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Semantics and the Gospel, Part 3 (Understanding God's Great Salvation #5)

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Daniel Whyte III

Daniel Whyte III

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The Bible says in Romans 10:9: "That if thou shalt confess with thy mouth the Lord Jesus, and shalt believe in thine heart that God hath raised him from the dead, thou shalt be saved."

Today's quote is from Catherine Booth. She said: "The Gospel represents Jesus Christ, not as a system of truth to be received into the mind, as I should receive a system of philosophy or astronomy, but it represents Him as a real, living, mighty Savior, able to save me now."

Our topic today is titled "Semantics and the Gospel (Part 3)" from the book, "So Great Salvation: What it Means to Believe in Jesus Christ" by Dr. Charles Ryrie.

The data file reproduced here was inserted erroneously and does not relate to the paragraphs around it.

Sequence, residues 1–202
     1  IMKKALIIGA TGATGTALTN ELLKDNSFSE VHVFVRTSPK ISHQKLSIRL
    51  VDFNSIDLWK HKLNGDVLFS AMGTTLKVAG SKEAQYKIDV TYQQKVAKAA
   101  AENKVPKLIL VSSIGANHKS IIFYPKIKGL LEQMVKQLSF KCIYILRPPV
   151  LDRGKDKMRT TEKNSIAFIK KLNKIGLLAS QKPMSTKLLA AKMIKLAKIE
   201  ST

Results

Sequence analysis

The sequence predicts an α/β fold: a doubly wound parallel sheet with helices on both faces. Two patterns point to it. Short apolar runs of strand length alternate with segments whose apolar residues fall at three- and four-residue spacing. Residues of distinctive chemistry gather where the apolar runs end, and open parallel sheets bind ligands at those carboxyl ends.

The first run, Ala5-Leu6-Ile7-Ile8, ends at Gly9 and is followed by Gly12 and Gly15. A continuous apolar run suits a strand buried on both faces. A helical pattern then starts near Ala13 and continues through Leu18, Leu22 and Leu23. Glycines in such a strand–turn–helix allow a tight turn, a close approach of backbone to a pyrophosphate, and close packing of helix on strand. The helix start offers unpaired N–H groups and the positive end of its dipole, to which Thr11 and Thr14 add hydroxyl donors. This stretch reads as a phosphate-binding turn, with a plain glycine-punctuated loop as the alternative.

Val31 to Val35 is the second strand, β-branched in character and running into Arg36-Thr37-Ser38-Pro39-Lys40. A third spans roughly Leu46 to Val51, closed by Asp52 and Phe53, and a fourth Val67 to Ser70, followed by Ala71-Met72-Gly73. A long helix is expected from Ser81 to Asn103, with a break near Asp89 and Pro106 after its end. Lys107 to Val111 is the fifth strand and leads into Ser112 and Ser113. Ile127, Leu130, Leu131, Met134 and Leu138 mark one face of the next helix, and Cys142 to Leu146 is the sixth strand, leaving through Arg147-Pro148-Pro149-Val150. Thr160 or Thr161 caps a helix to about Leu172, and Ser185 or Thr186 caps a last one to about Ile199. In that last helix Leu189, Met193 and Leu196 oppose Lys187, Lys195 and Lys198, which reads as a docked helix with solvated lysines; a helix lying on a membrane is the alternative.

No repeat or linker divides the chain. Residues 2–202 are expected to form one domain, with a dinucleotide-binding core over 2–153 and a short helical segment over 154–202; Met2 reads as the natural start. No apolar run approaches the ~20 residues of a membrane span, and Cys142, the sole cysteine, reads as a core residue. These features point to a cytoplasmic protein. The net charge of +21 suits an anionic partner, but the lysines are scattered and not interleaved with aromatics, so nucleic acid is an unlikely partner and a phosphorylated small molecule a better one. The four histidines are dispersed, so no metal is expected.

In our last episode, we went through 16 statements that are commonly used in presentations of the Gospel. Notice the different key words in those statements: 

Repent. 
Confess. 
Deny. 
Lord and Master. 
Come forward. 
Baptism. 
Pray through. 
Commit. 
Turn from all sin. 
Surrender. 

Some words stand out as poor, even wrong, choices for stating the Gospel. Many would agree that coupling the word "baptism" with the Gospel results in a wrong expression of the Gospel message. But others disagree with this. To them water baptism is a necessary requirement for salvation. For many, faith and works cannot be linked as requirements for salvation. For others, works are involved in becoming a child of God. Whether baptism or works is required in order to be saved is a matter of semantics that in turn becomes a matter of a true or false Gospel. 

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